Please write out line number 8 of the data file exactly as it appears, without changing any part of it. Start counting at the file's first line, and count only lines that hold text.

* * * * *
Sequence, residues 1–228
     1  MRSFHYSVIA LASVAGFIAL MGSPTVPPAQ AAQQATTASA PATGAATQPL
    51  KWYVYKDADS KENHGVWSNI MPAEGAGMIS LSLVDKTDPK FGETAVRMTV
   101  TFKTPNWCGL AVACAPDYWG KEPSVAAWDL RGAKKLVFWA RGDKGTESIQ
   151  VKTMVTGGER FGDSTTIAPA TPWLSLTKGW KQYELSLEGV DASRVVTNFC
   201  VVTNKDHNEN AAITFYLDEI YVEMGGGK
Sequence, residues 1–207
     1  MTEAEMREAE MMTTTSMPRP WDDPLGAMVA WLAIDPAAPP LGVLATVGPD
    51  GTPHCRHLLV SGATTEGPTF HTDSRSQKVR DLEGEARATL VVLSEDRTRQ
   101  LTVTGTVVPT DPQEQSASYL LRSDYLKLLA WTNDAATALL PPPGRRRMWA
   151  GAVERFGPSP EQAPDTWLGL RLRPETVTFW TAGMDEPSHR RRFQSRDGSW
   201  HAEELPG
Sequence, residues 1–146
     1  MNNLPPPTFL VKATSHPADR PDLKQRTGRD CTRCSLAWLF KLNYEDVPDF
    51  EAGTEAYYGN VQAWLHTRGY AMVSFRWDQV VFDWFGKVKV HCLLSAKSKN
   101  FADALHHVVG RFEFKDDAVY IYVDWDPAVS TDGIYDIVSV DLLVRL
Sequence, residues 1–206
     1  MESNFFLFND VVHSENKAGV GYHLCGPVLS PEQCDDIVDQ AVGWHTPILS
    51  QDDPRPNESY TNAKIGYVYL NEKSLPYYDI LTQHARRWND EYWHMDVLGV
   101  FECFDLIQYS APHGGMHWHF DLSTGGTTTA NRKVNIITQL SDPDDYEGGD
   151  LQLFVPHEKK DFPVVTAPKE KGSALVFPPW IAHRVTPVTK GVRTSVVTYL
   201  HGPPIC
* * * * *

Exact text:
     1  MTEAEMREAE MMTTTSMPRP WDDPLGAMVA WLAIDPAAPP LGVLATVGPD